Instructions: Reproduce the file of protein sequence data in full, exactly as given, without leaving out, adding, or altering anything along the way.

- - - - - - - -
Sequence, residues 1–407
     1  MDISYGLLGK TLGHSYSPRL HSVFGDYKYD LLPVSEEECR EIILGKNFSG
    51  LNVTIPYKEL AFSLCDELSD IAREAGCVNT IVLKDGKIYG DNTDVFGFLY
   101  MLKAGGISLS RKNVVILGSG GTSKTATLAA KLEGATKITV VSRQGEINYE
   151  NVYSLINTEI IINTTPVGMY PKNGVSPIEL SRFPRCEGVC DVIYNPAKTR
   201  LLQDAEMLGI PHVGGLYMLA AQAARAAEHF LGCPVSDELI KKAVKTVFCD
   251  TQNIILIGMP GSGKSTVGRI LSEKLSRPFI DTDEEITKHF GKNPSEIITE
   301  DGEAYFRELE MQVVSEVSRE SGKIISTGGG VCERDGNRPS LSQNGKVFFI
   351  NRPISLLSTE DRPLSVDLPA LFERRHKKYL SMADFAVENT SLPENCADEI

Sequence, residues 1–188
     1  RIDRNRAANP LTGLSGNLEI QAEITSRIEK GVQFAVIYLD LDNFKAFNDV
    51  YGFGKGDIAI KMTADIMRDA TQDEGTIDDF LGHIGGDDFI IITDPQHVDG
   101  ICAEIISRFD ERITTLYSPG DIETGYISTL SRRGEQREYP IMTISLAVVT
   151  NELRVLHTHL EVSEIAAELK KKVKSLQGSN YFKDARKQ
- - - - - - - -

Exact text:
Sequence, residues 1–407
     1  MDISYGLLGK TLGHSYSPRL HSVFGDYKYD LLPVSEEECR EIILGKNFSG
    51  LNVTIPYKEL AFSLCDELSD IAREAGCVNT IVLKDGKIYG DNTDVFGFLY
   101  MLKAGGISLS RKNVVILGSG GTSKTATLAA KLEGATKITV VSRQGEINYE
   151  NVYSLINTEI IINTTPVGMY PKNGVSPIEL SRFPRCEGVC DVIYNPAKTR
   201  LLQDAEMLGI PHVGGLYMLA AQAARAAEHF LGCPVSDELI KKAVKTVFCD
   251  TQNIILIGMP GSGKSTVGRI LSEKLSRPFI DTDEEITKHF GKNPSEIITE
   301  DGEAYFRELE MQVVSEVSRE SGKIISTGGG VCERDGNRPS LSQNGKVFFI
   351  NRPISLLSTE DRPLSVDLPA LFERRHKKYL SMADFAVENT SLPENCADEI

Sequence, residues 1–188
     1  RIDRNRAANP LTGLSGNLEI QAEITSRIEK GVQFAVIYLD LDNFKAFNDV
    51  YGFGKGDIAI KMTADIMRDA TQDEGTIDDF LGHIGGDDFI IITDPQHVDG
   101  ICAEIISRFD ERITTLYSPG DIETGYISTL SRRGEQREYP IMTISLAVVT
   151  NELRVLHTHL EVSEIAAELK KKVKSLQGSN YFKDARKQ